Retirement Plans for Small Employers and Self-employed Individuals
by Manika Bhandari, CPA
Retirement saving is a lifelong commitment. If you pick a plan that’s best fit for your business and employees, you’ll keep the plan longer, have fewer problems and be more satisfied with your commitment. A retirement plan can also help a business attract and keep quality employees. Let’s take a quick look at the types of retirement plans available for small businesses.
A retirement plan can be implemented by many types of entities, from self-employed individuals or sole proprietors to partnerships, corporations and nonprofit organizations. Of course, some plans will be a better fit than others, depending on your business’s entity type. However, no matter how financially successful your business may be — there is a retirement plan to fit your needs.
There are two basic types of retirement plans – the Individual Retirement Account (IRA)-based plans and Qualified plans. The IRA-based include payroll deduction IRAs, Simplified Employee Pension Plan (SEP) IRA, and SIMPLE IRA plan (Savings Incentive Match Plan for Employees). The Qualified plans include defined contribution plans such as profit sharing and 401(k) and defined benefit plans.
The IRA-based plans are the least complicated plans to administer. These plans all use an IRA to hold the contributions. An IRA is set up for each eligible employee and contributions are made to that employee’s IRA. The role of the employer in these plans is minimal — the employer simply offers employees the opportunity to have after-tax amounts deducted from their pay and contributed into their IRA. Employees decide whether and how much to contribute.
These plans have very little paperwork, and no Form 5500 Series Federal tax return is required. However, IRA-based plans are less flexible than Qualified plans.
Qualified plans have more of an administrative burden compared to IRA-based plans. These plans are generally held in a single qualified trust where assets are held in individual IRAs established for each participant. The plan is required to be operated for the benefit of all participants who have reached age 21 and work 1,000 hours over the 12-month period after hire.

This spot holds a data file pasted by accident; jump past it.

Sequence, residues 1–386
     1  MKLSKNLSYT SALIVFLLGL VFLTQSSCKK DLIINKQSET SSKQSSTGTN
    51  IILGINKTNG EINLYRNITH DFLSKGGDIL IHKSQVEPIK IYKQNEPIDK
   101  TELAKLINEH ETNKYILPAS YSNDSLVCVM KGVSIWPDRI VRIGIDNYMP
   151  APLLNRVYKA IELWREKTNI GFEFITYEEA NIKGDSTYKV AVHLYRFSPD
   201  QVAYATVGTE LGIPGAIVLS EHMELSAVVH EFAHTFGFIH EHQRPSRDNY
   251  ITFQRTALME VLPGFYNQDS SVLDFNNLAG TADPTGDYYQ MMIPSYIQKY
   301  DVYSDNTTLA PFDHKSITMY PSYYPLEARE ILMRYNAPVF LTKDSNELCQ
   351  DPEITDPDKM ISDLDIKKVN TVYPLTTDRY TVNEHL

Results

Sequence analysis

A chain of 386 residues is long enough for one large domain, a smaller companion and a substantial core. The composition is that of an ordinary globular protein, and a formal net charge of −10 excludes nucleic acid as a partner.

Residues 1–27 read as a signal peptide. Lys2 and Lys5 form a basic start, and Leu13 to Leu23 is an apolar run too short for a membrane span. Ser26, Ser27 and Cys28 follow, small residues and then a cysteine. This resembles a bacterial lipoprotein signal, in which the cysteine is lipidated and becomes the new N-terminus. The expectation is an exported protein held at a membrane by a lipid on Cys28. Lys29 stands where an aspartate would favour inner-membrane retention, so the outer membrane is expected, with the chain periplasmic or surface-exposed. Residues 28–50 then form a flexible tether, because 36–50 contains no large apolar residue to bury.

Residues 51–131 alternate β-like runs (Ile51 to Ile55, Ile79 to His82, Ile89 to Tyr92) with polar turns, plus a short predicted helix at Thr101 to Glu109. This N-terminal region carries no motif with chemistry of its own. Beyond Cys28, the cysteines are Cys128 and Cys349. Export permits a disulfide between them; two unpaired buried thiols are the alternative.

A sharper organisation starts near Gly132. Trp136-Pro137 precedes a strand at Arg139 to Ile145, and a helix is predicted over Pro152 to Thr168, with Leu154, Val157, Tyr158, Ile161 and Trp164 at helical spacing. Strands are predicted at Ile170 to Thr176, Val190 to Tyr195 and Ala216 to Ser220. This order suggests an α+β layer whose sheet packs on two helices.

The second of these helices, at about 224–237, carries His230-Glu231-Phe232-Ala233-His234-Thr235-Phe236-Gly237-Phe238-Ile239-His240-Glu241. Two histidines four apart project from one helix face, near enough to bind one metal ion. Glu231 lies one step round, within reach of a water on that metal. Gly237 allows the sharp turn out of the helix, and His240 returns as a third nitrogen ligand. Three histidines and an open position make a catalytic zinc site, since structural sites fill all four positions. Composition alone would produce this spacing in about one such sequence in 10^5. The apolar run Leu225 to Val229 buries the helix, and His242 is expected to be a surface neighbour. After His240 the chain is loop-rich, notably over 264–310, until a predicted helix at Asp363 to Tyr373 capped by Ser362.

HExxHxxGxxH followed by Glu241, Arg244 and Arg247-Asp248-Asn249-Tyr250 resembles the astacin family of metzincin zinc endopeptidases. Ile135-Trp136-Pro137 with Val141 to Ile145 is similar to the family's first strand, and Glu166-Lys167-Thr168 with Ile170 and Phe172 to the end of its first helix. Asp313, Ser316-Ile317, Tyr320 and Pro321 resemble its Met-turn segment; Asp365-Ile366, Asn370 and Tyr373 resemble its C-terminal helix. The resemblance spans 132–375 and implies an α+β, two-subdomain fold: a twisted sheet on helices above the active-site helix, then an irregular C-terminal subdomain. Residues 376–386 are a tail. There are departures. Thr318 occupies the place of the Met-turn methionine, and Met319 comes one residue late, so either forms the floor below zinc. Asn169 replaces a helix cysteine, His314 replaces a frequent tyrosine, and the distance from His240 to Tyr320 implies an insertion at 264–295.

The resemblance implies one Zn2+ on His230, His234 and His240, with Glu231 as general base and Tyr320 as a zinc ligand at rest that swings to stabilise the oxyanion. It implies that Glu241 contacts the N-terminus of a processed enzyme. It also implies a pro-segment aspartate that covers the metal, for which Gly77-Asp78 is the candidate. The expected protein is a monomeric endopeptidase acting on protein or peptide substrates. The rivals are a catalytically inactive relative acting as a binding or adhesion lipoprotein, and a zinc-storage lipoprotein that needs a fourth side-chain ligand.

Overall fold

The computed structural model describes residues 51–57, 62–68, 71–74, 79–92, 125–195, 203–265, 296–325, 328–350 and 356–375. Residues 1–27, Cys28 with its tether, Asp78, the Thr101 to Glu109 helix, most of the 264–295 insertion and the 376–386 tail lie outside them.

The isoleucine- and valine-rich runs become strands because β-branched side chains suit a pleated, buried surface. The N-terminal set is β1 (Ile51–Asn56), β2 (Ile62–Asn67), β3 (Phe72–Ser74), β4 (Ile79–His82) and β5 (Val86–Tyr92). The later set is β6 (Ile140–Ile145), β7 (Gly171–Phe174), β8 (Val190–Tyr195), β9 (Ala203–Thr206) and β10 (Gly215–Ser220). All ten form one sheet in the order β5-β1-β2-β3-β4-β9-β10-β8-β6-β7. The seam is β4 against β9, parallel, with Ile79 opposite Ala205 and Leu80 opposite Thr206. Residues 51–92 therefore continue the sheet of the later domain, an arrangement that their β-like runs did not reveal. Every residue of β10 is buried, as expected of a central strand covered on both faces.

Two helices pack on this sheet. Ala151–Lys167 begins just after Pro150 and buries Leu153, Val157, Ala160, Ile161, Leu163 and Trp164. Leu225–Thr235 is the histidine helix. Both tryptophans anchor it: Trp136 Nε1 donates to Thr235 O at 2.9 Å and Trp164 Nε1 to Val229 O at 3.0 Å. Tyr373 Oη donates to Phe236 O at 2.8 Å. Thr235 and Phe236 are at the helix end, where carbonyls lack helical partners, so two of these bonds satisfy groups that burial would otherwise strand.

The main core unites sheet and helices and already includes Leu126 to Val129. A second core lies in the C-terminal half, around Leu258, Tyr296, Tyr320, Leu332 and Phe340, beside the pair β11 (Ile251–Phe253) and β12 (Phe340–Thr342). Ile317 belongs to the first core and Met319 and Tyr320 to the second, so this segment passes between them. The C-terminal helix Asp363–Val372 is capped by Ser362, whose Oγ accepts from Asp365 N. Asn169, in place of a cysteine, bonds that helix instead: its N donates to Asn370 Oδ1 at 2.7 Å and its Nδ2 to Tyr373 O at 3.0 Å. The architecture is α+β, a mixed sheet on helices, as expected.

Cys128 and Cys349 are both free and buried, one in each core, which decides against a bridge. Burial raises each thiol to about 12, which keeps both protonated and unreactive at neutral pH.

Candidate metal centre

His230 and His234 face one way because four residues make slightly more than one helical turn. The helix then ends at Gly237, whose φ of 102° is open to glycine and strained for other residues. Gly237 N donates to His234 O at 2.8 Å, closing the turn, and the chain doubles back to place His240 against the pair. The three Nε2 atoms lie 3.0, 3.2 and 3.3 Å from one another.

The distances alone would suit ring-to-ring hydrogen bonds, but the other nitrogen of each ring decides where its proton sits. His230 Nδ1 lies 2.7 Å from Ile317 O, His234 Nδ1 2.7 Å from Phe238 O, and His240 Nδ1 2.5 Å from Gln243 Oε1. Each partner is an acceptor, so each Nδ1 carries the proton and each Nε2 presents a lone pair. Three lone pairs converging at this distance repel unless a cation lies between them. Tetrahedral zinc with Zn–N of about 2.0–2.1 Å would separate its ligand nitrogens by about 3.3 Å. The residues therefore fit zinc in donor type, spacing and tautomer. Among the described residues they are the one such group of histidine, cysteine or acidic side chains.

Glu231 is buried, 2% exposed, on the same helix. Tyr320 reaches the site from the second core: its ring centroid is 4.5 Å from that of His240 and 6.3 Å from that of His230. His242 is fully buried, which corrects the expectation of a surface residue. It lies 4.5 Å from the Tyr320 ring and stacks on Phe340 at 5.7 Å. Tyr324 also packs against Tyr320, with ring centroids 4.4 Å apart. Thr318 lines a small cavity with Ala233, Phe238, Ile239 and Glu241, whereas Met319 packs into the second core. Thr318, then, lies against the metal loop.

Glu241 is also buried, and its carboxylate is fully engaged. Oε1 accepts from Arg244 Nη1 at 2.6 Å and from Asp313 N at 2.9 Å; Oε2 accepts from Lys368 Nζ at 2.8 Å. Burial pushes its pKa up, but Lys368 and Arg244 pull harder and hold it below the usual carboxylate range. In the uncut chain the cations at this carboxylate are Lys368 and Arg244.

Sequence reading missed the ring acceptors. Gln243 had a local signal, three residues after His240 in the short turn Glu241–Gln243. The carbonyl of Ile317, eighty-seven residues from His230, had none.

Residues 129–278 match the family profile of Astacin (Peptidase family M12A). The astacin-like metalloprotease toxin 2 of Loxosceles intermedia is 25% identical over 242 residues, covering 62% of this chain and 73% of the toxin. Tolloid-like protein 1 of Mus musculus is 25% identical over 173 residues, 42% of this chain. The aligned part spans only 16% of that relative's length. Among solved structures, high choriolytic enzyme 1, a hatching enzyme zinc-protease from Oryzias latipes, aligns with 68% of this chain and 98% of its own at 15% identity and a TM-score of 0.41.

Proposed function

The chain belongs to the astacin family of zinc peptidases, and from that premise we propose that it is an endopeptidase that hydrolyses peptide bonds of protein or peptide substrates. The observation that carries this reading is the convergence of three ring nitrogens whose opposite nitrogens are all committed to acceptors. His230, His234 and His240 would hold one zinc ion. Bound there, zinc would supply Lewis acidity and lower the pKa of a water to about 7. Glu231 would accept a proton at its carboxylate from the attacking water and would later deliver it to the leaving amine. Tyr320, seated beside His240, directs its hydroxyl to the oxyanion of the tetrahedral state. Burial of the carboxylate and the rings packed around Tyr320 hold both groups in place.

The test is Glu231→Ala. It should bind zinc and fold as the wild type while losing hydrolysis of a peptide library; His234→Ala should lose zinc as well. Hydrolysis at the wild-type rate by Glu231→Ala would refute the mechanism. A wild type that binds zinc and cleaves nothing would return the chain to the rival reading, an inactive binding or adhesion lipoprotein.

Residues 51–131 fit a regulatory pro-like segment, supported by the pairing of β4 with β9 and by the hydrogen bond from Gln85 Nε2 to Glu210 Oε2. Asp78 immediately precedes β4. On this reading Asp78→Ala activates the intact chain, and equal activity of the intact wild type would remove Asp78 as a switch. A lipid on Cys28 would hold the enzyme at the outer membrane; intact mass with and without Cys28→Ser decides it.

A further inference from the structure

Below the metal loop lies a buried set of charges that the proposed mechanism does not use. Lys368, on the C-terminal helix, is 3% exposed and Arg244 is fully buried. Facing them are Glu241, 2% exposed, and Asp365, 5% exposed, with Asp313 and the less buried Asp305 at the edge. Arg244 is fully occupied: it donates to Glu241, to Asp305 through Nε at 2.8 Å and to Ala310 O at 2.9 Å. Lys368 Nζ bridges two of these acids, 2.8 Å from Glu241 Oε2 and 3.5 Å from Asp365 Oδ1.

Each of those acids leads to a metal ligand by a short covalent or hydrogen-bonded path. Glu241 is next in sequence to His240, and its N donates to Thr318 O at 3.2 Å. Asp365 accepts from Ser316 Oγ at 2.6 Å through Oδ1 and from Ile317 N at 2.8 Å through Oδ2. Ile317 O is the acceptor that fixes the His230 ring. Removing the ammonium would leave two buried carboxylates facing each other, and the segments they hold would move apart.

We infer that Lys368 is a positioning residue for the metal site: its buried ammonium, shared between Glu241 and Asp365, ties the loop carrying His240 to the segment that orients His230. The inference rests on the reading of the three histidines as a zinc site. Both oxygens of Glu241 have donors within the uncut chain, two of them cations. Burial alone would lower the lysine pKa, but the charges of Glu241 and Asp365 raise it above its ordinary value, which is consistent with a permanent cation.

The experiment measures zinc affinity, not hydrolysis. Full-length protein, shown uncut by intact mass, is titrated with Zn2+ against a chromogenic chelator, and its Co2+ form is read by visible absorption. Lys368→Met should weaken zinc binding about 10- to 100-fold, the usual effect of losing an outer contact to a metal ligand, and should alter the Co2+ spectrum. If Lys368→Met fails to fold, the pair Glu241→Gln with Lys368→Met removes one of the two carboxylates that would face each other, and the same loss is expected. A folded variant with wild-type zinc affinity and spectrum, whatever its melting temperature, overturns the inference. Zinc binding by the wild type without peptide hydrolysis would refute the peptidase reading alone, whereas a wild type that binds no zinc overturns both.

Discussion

According to IRS, 401(k) plans are the most popular plans for employees right now, which is a Profit-Sharing Plan that also allows employees to choose to have a portion of their salary deferred into the plan. This type of plan requires an annual non-discrimination test (unless your plan design is covered under the Safe Harbor Plan). This testing requirement is where the Qualified Plan types can be more administratively burdensome to an employer.
A retirement plan has benefits for both the employer and the employee. It can jump-start your savings, take advantage of tax benefits and give your money a chance to grow; all while attracting and retaining employees. If you’re ready to have a conversation on which retirement plans might be right fit for you, give us a call.
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Manika Bhandari, CPA
Manika Bhandari is a Senior Associate who specializes in serving businesses with their financial statement needs. She also plays a role on the firm’s construction industry team, with specialized knowledge in this sector.